Coronavirus update: U.K. approves Merck treatment pill

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Doctors are concerned about unvaccinated pregnant women

Coronavirus (COVID-19) ‌tally‌ ‌as‌ ‌‌compiled‌‌ ‌by‌ ‌Johns‌ ‌Hopkins‌ ‌University.‌ ‌(Previous‌ ‌numbers‌ ‌in‌ ‌parentheses.)‌

Total‌ ‌U.S.‌ ‌confirmed‌ ‌cases:‌ 46,261,126 (46,182,380)‌

Total‌ ‌U.S.‌ ‌deaths:‌ 750,578 (748,943)

Total‌ ‌global‌ ‌cases:‌ 248,311,594 (247,799,743)

Total‌ ‌global‌ ‌deaths:‌ 5,025,920 (5,017,977)‌

Merck COVID-19 pill cleared for use in the U.K.

Health authorities in the U.K. have cleared the way for doctors to prescribe Merck’s COVID-19 pill to treat symptoms of the coronavirus. Doctors have hailed the release of the drug because it can be taken at home, and tests have shown it can reduce the risk of hospitalization and death among high-risk patients.

“This will be a gamechanger for the most vulnerable and the immunosuppressed, who will soon be able to receive the groundbreaking treatment,” U.K. Health Secretary Sajid Javid said in a statement.

The pill, molnupiravir, could be available to Americans within weeks. The U.S. Food and Drug Administration (FDA) is reviewing the drug, and an advisory panel is scheduled to meet later this month to decide whether to recommend its approval as a COVID-19 treatment.

Doctors worried about pregnant women who refuse vaccine

Since August, the Centers for Disease Control and Prevention (CDC) has recommended that pregnant women get vaccinated. The agency points to research showing that the vaccine is safe and effective during pregnancy and that unvaccinated pregnant women tend to fare badly when they get infected.

But the CDC reports that only 35% of pregnant women have been vaccinated against the virus. That compares to 68% of the eligible population.

CDC doctors have begun to publicly urge pregnant women to get the shot, saying pregnant women with COVID-19 symptoms are more than twice as likely to be admitted to a hospital intensive care unit. They also have a greater than 70% risk of death.

Aaron Rodgers sidelined after testing positive

Green Bay Packers quarterback Aaron Rodgers will miss this weekend’s game against the Kansas City Chiefs after testing positive for COVID-19. The Packers placed their starting quarterback on the Reserve/COVID-19 list late Wednesday.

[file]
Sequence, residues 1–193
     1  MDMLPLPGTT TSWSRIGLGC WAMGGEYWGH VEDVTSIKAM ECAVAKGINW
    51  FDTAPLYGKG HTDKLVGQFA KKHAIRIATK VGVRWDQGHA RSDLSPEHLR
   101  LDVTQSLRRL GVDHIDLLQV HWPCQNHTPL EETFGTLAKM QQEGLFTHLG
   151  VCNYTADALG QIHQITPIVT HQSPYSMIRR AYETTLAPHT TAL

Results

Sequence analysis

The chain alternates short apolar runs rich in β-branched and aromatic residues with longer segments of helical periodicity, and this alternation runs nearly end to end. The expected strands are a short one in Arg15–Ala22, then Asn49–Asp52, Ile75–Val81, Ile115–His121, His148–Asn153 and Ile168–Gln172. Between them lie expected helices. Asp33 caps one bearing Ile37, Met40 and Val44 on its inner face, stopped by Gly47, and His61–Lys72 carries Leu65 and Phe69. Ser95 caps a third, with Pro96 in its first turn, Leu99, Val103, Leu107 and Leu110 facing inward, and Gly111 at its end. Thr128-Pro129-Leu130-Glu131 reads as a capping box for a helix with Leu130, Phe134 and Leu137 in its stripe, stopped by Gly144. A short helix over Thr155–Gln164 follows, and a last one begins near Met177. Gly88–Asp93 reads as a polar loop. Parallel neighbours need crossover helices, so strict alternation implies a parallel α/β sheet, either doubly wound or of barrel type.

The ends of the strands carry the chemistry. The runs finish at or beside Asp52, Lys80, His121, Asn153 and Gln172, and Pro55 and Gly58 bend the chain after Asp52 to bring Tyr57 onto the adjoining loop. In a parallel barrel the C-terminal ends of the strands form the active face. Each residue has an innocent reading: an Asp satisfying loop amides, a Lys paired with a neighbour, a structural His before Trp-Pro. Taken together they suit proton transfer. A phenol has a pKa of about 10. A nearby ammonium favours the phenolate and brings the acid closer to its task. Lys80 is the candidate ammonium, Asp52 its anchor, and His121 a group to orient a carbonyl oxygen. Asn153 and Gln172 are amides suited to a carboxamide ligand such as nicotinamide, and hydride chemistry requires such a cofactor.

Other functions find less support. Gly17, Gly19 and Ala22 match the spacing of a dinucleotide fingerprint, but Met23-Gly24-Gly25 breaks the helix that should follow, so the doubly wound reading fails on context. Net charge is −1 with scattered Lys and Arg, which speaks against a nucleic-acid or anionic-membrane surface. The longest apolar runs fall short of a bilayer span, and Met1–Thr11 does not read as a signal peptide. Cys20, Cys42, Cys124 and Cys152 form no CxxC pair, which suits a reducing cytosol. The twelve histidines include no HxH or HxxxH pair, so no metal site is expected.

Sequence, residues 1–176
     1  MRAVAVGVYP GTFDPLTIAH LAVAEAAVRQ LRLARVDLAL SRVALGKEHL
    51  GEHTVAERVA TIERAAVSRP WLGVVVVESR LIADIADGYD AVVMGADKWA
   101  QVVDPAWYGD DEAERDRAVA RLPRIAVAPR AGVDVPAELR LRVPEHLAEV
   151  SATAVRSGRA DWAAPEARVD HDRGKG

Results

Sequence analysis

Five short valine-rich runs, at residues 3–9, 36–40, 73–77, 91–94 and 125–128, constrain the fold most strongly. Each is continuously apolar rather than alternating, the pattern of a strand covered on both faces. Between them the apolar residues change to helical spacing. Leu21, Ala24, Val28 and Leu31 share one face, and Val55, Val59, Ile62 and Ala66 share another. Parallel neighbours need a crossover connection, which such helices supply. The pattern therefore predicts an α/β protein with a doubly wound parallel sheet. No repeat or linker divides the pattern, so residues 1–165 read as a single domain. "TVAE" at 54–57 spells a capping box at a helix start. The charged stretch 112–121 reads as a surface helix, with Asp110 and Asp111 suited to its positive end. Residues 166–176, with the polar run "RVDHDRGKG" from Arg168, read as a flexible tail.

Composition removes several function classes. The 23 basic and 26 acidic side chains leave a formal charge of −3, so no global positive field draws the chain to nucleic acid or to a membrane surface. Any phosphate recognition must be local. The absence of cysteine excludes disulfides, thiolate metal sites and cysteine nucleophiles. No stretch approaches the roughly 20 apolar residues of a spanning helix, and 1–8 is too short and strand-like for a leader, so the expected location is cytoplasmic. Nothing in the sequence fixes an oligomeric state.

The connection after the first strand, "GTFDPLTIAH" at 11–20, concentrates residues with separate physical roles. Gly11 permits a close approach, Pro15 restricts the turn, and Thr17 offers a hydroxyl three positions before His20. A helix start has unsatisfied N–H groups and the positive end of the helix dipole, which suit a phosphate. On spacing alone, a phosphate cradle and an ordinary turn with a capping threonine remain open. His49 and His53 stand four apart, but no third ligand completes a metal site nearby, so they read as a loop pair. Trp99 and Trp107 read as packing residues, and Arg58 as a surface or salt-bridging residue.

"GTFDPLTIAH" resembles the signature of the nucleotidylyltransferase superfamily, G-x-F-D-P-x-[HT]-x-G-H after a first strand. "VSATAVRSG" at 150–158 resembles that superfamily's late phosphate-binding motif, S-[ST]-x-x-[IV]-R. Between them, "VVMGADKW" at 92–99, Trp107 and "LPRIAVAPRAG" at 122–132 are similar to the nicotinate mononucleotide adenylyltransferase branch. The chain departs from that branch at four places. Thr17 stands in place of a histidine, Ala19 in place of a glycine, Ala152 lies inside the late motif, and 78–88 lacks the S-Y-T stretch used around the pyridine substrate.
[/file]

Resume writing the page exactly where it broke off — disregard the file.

Meanwhile, the Rodgers announcement has reportedly triggered an NFL investigation of the Packers’ virus protocol. Rodgers is unvaccinated and should have been subject to strict rules for unvaccinated players.

"The primary responsibility for enforcement of the Covid protocols within club facilities rests with each club," the NFL said in a statement Wednesday, obtained by NFL Network. "Failure to properly enforce the protocols has resulted in discipline being assessed against individual clubs in the past. The league is aware of the current situation in Green Bay and will be reviewing the matter with the Packers."

Around the nation

  • California: It’s high school football playoff time, but Crenshaw High School in Los Angeles will be sidelined, not because of their record but because of the team’s vaccination status. Only 13 of Crenshaw’s players are vaccinated. The rules require 18 vaccinated players in order to participate in the playoffs.

  • Indiana: Gov. Eric Holcomb has signed two executive orders that will extend Indiana's COVID-19 public health emergency until at least Dec. 1. "I'm extending the public health emergency for another 30 days to maintain critical assistance to our neediest Hoosiers as we come out of this pandemic — all directly tied to its continuation," Holcomb said.

  • Tennessee: The state legislature has passed a sweeping bill that would place major limitations on mask mandates and vaccine requirements. It would also put age restrictions on who could get vaccinated without parental consent. The bill now goes to Gov. Bill Lee’s desk.

  • Colorado: COVID-19 cases continue to surge statewide, and hospitals say they will probably have to ration health care. Hospital officials say they are having to postpone elective surgery on some patients because of a shortage of available beds.

  • Minnesota: Lt. Gov. Peggy Flanagan announced that she has tested positive for a breakthrough case of COVID-19. “I wanted to share with Minnesotans that I tested positive for COVID-19 after caring for our 8-year-old daughter who tested positive last week,” Flanagan wrote in a tweet. “While I'm under the weather, our family is doing well, and we're thankful for the support of friends and family.”

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